Guest Author - Cynthia Parker
Single parents face new challenges in the new millenium - challenges that parenting in days gone by didn't have to address.
Sexual activity and sexual orientation must be addressed at earlier and earlier ages. While middle school was considered sufficient to discuss such topics even 10 years ago, today we must address them in elementary school. While we lament the loss of innocence of our children, to ignore the facts only leads to our irresponsibility in addressing their needs and their increased difficulty in life.
Drugs are prevelant. Illegal drugs are easily available on school campuses beginning at elmentary grades. However, illegal drugs are not the onlly issue of concern. Prescription drugs, obtained from mom and dad's medicine cabinet, are a common problem, as are common household chemicals used to "huff" or otherwise abuse for a cheap high. The danger increases with the use of these drugs as our youth do not understand the possible issues of prescription drugs and are outweighing the "high" with damage inflicted to the brain and body of the user.
For some reason, we seem to think that if our children have to deal with such issues, they must be more mature, and many make the common mistake of allowing their children to date at earlier ages. Just because they are forced into such situations, does not mean they are prepared. Dating is still a high pressure event in a young person's life and parents need to set the guidelines and limits.
It is our job to parent. Children, regardless of age, need guidance, education, and a good parent to show them the ropes of society. They need our heartfelt attention to help them deal with peer pressure. They need our words of wisdom - even when they act as if they don't want them - to help them avoid behaviors that can, at times, ruin their lives.
There have been many incidents in the past years that have shocked America in regards to the actions of children. School shootings, increased drug use, increased teen pregnancy, and the abundance of methods in which our children demonstrate that they don't value themselves have often made me ask, "Where are the parents?"
It is hard being a single parent. Time is a valuable commodity and often there isn't enough of it. That is why we have to make the time we have count. We have to fill every minute with a purpose in directing and educating our children. They even need to be taught how to have fun in appropriate manners.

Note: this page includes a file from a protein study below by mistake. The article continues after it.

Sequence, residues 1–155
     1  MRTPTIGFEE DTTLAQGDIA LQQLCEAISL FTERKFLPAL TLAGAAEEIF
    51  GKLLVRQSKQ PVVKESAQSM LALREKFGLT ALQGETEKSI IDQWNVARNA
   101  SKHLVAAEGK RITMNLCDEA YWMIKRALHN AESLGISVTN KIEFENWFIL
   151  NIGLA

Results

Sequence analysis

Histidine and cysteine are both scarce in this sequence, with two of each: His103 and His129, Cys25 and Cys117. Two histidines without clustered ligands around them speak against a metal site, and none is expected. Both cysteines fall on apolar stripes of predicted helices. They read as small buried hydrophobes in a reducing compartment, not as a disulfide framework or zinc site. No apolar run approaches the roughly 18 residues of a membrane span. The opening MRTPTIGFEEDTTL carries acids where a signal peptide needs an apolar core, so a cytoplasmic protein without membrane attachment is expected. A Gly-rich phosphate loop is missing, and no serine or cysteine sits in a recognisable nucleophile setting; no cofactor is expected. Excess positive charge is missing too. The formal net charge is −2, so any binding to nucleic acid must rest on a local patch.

There isn't a day that goes by that I don't see a commercial for a television show that focuses on an issue that we all need to discuss with our kids. Use those shows as the catalyst of a conversation; watch the show together and disucss is as the story unfolds. It is a great way to insure that your child knows your value system while not putting you both through a "lecture" that both of your will find lacks in attention and proper perspective.
There are examples in daily life, as well, that can be used to illustrate your values and the information our children need to remain safe and whole in today's society. Explain the difference between the proper use of prescription meds and drug abuse whenever your child is sick and doctor prescribes medicines. Explain why you are taking medications you have been prescribed and how others might misuse such medications. It is NOT giving them ideas that they may not have already had; it is preparing them for a situation where they may be approached with an offer they aren't sure they should refuse.
Most importantly, LISTEN, to your children. I can never say that enough! LISTENING is the key to every successful conversation with a child. They will pour their hearts out to you is you only listen without judgement and with an open mind and an open heart. They will tell you their fears, their worries, and their dreams for the future, if you will only listen. They will tell you about friends for which they are happy and for which they are concerned. This is not idle talk to them - it is their lives! It is important! It is what they choose to share with you - be prepared to take it seriously, even if you think it ranks rather low on the priority list.
My daughter was very upset recently because a young girl accused a good friend of hers of threatening her. The fact is, the young girl had a crush on this friend and when she found that the boy didn't return those feelings, she was angry. I don't know if she knew that she would get the response she did when she made her accusation, but when she got the attention of the school administration, she played it to the hilt. What starts off as mischief, can quickly become a serious situation. It took much time and parental involvement to straighten out the situation over what many adults would call "irrelevant" feelings of a teen. Had the young girl believed that she could have talked to a parent about her emotions, perhaps the situation would not have gotten so out of hand.
Time is a precious commodity. But what better place to spend it than with your children - they are a precious gift. Give them all they deserve!